Daniel Pritchard has written an interesting review at the Quarterly Conversation of Borges’ Lectures from the Argentine Master: Seven Nights. I’d been curious if the book was worth reading. Although it has his similar themes, they sound perceptive and erudite in a way that I find his late fiction isn’t. His latter stories, while continuing with his themes of the other and mirrors, often seem repetitive and don’t have the fictive sparkle of Ficiones, as if he just wanted to write philosophy. By the time 1977 rolls around, I think lectures might have been the best vehicle for him.
The assertion of Jorge Luis Borges’s literary genius is today assumed and completely unremarkable, and since many superior critics have elaborated it, I will refrain from boring you with redundancy. However, it is occasionally overlooked that Borges is also a philosophical genius—philosophical, that is, in that he is completely in love with knowledge, with the pleasure that knowledge for its own sake provides him—and although he is a lover of knowledge, he never declines into reverential pedagogy. Knowledge, to Borges, is not for the knowing, nor for the asserting over and condemnation of others, nor for proving others wrong, but for the pleasure of discovery.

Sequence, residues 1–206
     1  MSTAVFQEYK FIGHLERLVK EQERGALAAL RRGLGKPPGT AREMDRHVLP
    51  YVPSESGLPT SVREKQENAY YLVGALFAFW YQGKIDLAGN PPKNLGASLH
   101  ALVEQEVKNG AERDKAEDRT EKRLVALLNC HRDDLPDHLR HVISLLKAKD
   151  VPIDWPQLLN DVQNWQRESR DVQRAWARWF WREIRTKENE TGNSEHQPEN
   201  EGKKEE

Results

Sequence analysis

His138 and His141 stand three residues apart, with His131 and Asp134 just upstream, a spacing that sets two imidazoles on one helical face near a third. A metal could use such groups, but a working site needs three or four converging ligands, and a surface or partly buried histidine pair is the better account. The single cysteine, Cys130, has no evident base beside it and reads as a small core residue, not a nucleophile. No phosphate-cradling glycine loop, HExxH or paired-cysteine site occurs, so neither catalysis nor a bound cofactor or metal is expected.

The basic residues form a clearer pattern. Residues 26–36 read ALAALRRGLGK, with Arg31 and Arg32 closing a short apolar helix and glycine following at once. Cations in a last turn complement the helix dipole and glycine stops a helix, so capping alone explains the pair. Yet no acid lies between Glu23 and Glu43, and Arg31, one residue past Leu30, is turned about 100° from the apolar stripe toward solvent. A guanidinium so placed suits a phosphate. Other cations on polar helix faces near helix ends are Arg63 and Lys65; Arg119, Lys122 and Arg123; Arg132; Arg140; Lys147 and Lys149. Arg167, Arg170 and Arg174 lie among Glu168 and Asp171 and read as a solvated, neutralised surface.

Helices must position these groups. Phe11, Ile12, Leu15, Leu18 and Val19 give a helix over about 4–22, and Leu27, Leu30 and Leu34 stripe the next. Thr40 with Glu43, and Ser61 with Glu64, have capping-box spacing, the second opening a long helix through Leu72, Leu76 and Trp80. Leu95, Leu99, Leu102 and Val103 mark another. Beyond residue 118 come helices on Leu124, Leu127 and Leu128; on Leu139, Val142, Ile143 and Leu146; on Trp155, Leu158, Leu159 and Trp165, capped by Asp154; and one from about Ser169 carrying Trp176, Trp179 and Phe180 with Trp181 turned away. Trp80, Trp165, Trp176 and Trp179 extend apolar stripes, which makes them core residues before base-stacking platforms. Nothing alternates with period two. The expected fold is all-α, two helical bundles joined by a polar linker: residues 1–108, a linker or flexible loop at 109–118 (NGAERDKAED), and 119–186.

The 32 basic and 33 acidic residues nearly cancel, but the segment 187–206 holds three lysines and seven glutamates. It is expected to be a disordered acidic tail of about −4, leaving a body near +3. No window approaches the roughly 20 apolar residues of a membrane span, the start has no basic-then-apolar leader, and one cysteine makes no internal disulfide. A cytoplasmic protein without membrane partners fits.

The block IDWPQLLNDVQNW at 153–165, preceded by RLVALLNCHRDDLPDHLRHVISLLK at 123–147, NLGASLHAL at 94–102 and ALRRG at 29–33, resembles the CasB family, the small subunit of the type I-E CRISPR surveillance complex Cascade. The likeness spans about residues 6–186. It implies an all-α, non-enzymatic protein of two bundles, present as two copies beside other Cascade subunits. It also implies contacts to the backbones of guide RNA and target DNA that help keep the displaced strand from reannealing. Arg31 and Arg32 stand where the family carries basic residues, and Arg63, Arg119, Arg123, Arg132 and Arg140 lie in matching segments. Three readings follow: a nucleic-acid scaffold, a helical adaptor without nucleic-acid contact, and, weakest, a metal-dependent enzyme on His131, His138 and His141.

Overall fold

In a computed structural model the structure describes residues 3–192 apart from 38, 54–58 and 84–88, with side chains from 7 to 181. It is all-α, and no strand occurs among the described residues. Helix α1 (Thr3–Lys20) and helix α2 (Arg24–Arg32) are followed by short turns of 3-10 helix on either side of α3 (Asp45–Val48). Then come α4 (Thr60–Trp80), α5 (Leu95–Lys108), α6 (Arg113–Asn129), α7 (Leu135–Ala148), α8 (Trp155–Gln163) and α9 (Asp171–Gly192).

In these lectures, Borges uses his genius to provide that gift of discovery, an experience akin to poetry, “something as evident, as immediate, as indefinable as love, the taste of fruit, of water.” Of the truths themselves, he is always humble. One believes or else one does not; the mind is a malleable thing so that, as he says in the lecture on nightmares, “we may draw two conclusions, at least tonight; later we may change our minds.” And besides, most of what is believed is only an illusion, “our ignorance of the complex machinery of causality.” Like Socrates, Borges is most sure only of the fact that we are mostly ignorant, that there are obscure mechanisms imperceptibly at work in our lives. Whether we decide to call these machinations magic, or God, or fate, each explanation is yet another expression of the consequences of unknown acts.